The permanent brain damage has affected Bob's ability to carry out many of the natural behaviours that a sea turtle needs to be able to survive in the wild, which is why Bob hasn't been released yet. However, as you may well know from humans who are dealing with brain damage, brains have "neuroplasticity" - the ability to create new pathways and potentially regain lost function to a degree.

Varying the way Bob is fed is one form of enrichment that is helping to "rewild" their behaviour. Credit: Alexandra Panagiotou

Helping Bob recover is Alexandra Panagiotou, a Two Oceans Aquarium Education Foundation team member, who is running a programme of extensive enrichment activities and monitoring Bob's behaviour. Enrichment is a process where species-appropriate challenges and stimulation are provided at regular intervals to simulate the dynamic environment and challenges that an animal would encounter in the wild. It is hoped that encouraging Bob to engage with these simulated environmental stressors will encourage the return of brain function that would help cope with similar situations in the wild.

What is this? Complex situations help Bob to think outside the box! Credit: Alexandra Panagiotou

A wild turtle should be displaying behaviours like aggressive feeding, hiding and flight response - things Bob has been pretty blasé about. Alex is already seeing results, with Bob responding to new enrichment activities with more "wildness" than has been observed in the past, so we're becoming increasingly optimistic about Bob's release prospects! Here are some examples of improvements Alexandra has observed:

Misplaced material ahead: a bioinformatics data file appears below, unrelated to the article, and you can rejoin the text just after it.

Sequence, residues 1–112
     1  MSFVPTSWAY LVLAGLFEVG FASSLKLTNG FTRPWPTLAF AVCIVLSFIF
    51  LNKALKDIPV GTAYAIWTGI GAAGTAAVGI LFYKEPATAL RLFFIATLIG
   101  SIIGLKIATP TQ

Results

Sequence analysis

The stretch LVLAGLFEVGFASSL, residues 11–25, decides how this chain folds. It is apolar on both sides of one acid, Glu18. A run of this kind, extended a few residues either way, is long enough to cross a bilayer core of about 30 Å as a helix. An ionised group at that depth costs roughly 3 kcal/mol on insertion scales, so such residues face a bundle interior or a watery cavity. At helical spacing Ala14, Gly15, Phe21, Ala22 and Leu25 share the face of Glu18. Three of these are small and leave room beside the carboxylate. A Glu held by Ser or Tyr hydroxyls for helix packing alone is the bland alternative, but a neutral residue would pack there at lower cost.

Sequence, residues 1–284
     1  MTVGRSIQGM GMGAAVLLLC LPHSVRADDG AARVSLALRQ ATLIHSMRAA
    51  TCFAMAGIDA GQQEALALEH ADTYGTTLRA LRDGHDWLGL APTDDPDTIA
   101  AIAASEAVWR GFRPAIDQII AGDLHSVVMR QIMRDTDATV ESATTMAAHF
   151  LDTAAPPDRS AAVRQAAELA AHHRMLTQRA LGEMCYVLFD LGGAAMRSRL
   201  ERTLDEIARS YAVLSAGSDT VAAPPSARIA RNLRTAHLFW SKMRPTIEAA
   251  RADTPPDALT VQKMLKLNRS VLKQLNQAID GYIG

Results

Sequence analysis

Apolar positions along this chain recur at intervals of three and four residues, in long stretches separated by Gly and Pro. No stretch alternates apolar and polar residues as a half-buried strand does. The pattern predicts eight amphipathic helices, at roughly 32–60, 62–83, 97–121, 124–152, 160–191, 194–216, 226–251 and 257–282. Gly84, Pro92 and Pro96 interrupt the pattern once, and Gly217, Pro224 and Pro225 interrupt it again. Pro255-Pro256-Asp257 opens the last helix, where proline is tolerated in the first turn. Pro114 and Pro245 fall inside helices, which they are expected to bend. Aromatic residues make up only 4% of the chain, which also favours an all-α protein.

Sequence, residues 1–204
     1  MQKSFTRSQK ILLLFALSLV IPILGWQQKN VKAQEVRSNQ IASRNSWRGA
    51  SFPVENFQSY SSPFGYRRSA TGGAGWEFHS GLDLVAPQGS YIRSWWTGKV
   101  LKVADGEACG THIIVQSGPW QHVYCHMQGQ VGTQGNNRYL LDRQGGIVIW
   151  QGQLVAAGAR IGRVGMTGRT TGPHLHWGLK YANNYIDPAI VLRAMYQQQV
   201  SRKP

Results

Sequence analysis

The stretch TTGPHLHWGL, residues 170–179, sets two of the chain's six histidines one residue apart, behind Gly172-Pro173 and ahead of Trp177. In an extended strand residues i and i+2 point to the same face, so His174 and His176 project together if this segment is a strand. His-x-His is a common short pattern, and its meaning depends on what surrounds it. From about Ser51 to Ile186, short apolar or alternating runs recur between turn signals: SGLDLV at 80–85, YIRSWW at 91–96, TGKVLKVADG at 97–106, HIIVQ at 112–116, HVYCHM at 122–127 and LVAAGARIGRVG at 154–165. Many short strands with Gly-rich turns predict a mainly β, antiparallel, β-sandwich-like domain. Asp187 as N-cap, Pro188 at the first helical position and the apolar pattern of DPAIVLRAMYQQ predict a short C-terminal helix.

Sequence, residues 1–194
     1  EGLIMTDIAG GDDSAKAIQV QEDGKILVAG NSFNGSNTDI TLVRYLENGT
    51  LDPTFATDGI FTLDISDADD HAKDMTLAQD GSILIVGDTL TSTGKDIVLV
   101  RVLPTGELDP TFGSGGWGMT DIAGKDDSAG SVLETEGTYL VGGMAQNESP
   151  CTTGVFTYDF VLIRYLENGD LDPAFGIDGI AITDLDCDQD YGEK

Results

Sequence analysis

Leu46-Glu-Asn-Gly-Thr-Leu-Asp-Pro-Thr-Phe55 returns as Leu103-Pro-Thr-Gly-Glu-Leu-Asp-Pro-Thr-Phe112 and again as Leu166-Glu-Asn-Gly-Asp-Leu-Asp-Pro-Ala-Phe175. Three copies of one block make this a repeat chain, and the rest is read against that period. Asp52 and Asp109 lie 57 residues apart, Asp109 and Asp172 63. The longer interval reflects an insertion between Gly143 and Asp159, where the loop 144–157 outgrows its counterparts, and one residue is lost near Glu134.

• Bob's predictable swimming patterns have decreased (meaning taking new routes rather than following habit)
  • Bob is swimming "randomly" more often - these are swims with no clear goal and are totally exploratory, unlike swimming to a feeding spot when hungry, for example.
  • Bob has also shown more aggression during feeding times, meaning active displays of territorial behaviour when feeding.
Credit: Martine Viljoen

If you'd like to support the rehabilitation of Bob, Harry and the over 50 other rescue turtles in the team's care, you can help Save Our Turtles here.